OJC’s Rabbis are happy to offer this space for the words of our JTS Resnick Intern, Jesse Nagelberg
I lay my clothes on my bed – jeans and shirt with a collar.
I put in my contact lenses, brush my teeth, shave, and shower.
I put on cologne – yes, every day – and then my rings, my watch, and my kippah.
I finish getting dressed, including matching socks and shoes.
I am ready to begin the day.
This is my early morning routine and it has not changed – not even during the ten months since COVID-19 upended our lives and most of my days have been spent in my apartment. My routine may seem excessive since, typically, no one is going to see the details of my outfit, let alone smell whether I used cologne! But I want to feel prepared to conquer whatever the day will bring, just like I did when I left the house every day. Whether my day has involved working at OJC or Camp Ramah, studying, teaching, or chatting with friends; whatever the day has had in store, for me, being fully dressed for these daily activities has helped me to feel wide-eyed and alert.
The concept of Hiddur Mitzvah is that we can amplify our mitzvot by beautifying them. Shabbat Kiddush can be more special when using a cup made of metal or carefully constructed out of glass. Lighting Chanukah candles takes on more meaning when using a family heirloom or a Chanukiah we have a personal connection to. We can turn the mundane into a mitzvah when we dress it up a bit – literally and figuratively. We can not only show up; we can show up dressed nicely, organized and attentive. In that vein, we can be ready to notice the smallest details that enhance and beautify our lives.
If the last months have taught me anything, it is that there are small gems of learning to be found everywhere. We just have to open our eyes, our ears and our hearts and embrace them.
In his book The Insecurity of Freedom: Essays on Human Existence, Abraham Joshua Heschel writes, “What we need more than anything else is not textbooks but textpeople. It is the personality of the teacher which is the text that the pupils read; the text that they will never forget.”
Picking my head up out of my many rabbinical school books and papers has enabled me to notice many “textpeople” in recent weeks:
- During a Prayer through Music and Movement elective with OJC’s 6th and 7th graders, we have swapped songs that feel prayerful to us. Watching the students discover and introduce each other to music from different genres and decades has infused my life with new music and new ways to connect to the words of the siddur.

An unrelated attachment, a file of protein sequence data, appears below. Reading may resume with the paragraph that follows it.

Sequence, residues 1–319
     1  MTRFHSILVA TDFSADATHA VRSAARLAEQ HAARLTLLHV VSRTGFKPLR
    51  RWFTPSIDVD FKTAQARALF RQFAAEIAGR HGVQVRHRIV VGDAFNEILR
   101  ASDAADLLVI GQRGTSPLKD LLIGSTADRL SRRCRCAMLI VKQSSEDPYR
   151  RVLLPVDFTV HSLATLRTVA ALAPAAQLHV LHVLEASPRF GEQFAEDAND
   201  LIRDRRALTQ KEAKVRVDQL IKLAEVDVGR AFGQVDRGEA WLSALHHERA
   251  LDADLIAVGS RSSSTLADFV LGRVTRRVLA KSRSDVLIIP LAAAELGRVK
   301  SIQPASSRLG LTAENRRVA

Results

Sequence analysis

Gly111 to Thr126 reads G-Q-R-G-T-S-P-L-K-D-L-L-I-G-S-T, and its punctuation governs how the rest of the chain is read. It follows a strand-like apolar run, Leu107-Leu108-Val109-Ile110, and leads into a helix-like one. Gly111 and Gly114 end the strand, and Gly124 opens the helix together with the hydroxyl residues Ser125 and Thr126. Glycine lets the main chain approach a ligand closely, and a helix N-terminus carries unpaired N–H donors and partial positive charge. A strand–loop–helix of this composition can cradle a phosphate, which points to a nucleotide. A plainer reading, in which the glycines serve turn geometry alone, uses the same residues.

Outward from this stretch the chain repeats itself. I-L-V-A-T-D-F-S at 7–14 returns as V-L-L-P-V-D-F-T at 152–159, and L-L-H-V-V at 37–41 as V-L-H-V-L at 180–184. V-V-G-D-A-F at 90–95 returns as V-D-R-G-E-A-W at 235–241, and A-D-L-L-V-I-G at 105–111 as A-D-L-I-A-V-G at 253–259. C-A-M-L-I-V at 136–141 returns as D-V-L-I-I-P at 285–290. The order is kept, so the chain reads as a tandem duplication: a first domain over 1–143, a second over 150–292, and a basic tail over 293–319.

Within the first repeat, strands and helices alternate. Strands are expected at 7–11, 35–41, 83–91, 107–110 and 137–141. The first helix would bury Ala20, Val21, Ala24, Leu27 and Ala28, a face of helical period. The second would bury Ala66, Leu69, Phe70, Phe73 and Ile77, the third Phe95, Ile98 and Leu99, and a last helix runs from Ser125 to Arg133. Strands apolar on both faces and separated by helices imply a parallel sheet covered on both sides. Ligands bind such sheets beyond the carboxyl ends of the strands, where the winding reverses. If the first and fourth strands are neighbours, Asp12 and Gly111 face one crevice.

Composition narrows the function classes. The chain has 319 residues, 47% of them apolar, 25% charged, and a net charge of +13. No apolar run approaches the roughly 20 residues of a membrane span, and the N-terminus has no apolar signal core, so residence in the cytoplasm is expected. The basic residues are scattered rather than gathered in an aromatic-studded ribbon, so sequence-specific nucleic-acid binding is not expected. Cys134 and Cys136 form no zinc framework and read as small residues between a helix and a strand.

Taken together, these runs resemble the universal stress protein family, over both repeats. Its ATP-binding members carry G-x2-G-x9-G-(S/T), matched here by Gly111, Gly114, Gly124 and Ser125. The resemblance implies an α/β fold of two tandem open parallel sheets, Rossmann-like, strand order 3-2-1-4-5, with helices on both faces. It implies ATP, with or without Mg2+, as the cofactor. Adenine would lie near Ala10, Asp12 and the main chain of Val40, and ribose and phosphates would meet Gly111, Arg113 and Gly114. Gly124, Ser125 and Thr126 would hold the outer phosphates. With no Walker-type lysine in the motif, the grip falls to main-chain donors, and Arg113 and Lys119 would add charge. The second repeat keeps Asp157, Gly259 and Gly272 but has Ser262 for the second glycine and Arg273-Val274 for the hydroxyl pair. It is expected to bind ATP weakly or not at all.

- After using an app on my phone for an extended period of time, I received a notification advising me, “It seems like you’ve been scrolling for a long time. Now is a good time to get away from the screen for a few minutes to breathe and relax.” It is amazing that the automatic intelligence function on this app actually prompted me to take a much-needed pause.
- The 8 year old child of a classmate unmuted his mom’s computer during a class about Moses’ encounter at the Burning Bush and engaged the professor in a discussion about Moses’ anxieties and intentions. I marvelled at the wisdom of this precocious child and how seriously my professor took his question and made it a part of the day’s learning.
- One of my family’s dogs, Callie, is on hyper-alert all day for stray geese, Amazon deliveries, and Zoom events to join. She is almost always “on”; but when she takes a break, she curls up on the couch and instinctively lays her head on the nearest pillow, literally sleeping like a person. Callie reminds me that at the end of the day, or at the end of a busy or stressful time, it is important to find a soft place to rest your head.
As we move ahead in 2021, children are back in school, either in person or virtually, after a well-deserved break from the screens and Zooms that have become the focal point of their day. Perhaps it is time for all of us to go back to “school” and be more alert to the teachings that surround us. We can show up, even from home, by getting dressed up. We can return to learning from all of the teachers in our lives — our friends and neighbors, our children and pets and even, occasionally, AI technology.
So what did you put on this morning, and how is it helping you recognize the gems to learn from in your life?
Jesse Nagelberg, OJC-JTS Resnick Intern